Modeling the initial monolayer formation in thermally localized surface deposition
de Braaf, B.
In atomic layer deposition (ALD), thin layers of materials are deposited on a substrate with atomic layer precision in the vertical direction. The ability to control layer growth in the lateral direction as well is expected to greatly increase the potential of ALD as a path to the bottom-up additive fabrication of electronic devices like solar panels and organic light-emitting diode displays. We explore the possibility of controlling the lateral growth by modifying the temperature profile on the substrate using, for instance, pulsed lasers. This maskless technique keeps the majority of the substrate at a low temperature suppressing one of the chemical half-reactions, while in a small, localized area, the substrate is heated, which allows the reaction to proceed at a higher rate. We test this idea with course-grained computational models that model the control of the temperature by various illumination protocols and simulate the nucleation and growth of the initial monolayer within this inhomogeneous temperature distribution. Our results suggest that the location and the extent of deposition can, in principle, be localized and controlled and address operational regimes in which a thin conducting line may be obtained.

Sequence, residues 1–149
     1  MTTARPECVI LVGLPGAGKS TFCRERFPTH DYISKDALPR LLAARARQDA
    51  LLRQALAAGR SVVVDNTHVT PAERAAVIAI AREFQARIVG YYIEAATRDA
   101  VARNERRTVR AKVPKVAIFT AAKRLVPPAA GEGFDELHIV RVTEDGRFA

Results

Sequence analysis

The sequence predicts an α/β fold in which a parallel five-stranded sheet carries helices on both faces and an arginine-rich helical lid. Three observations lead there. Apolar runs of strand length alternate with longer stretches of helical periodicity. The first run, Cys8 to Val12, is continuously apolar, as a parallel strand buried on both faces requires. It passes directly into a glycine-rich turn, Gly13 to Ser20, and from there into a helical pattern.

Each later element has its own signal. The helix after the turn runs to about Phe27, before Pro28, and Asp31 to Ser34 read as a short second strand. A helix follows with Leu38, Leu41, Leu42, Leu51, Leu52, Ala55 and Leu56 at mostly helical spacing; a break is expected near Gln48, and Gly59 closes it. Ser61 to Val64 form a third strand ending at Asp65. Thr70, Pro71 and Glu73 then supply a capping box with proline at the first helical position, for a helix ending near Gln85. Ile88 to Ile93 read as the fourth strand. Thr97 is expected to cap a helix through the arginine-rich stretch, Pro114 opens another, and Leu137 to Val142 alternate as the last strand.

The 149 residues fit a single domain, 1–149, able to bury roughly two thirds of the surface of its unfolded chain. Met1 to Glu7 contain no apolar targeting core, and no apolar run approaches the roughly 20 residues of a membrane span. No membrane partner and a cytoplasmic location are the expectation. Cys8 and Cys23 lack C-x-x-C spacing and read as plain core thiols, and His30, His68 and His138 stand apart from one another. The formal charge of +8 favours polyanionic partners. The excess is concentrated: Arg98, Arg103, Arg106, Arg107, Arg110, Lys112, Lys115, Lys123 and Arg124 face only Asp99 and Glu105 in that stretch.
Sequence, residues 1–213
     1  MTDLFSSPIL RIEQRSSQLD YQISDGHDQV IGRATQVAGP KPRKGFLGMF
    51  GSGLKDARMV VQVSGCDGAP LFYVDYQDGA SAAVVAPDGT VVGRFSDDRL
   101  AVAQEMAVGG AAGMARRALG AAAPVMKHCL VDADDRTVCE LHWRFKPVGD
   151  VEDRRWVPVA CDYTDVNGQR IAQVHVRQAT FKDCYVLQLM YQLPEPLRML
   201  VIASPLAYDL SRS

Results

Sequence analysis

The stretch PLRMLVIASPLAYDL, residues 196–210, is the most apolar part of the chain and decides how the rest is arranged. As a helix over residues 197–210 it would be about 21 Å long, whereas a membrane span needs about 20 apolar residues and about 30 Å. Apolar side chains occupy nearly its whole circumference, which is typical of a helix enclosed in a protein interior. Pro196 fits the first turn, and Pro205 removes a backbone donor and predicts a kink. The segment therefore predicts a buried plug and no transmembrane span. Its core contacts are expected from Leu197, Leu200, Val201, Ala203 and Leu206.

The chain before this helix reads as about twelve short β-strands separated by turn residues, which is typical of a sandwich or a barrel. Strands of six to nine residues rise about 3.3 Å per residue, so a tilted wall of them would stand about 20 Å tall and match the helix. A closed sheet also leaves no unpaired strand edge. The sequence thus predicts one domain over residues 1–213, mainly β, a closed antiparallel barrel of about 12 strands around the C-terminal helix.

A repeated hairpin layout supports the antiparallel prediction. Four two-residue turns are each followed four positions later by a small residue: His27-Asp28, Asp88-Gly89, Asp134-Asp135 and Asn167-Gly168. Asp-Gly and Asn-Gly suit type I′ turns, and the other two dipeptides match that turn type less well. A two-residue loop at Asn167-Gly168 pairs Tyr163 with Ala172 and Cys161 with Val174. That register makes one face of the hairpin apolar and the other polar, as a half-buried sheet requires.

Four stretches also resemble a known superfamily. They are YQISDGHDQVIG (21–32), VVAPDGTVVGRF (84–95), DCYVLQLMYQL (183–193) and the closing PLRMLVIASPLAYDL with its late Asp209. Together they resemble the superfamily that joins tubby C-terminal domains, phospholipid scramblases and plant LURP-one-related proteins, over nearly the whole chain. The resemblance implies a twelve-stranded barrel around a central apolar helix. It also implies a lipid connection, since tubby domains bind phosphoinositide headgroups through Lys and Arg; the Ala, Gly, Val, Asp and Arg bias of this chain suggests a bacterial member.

To reference this document use:
Organic light emitting diodes (OLED)
Nucleation and growth
Organic light emitting diode display
Atomic layer deposition
AVS Science and Technology Society
Journal of Vacuum Science and Technology B: Nanotechnology and Microelectronics, 39 (39)